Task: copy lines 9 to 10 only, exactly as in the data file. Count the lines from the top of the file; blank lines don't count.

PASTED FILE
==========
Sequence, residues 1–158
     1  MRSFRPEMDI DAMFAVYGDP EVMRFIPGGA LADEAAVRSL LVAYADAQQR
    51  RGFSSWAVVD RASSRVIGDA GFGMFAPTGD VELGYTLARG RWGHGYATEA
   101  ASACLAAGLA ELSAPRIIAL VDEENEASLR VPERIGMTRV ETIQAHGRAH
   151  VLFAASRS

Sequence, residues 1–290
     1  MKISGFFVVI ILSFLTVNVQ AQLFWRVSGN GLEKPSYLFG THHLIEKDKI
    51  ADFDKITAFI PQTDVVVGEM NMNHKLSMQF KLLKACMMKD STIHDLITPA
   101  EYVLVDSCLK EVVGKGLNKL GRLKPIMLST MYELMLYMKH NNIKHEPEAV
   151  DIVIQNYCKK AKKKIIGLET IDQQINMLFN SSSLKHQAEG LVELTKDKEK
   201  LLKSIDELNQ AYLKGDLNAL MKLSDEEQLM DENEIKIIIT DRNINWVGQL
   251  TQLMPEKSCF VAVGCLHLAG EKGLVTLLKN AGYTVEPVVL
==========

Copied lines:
   101  EYVLVDSCLK EVVGKGLNKL GRLKPIMLST MYELMLYMKH NNIKHEPEAV
   151  DIVIQNYCKK AKKKIIGLET IDQQINMLFN SSSLKHQAEG LVELTKDKEK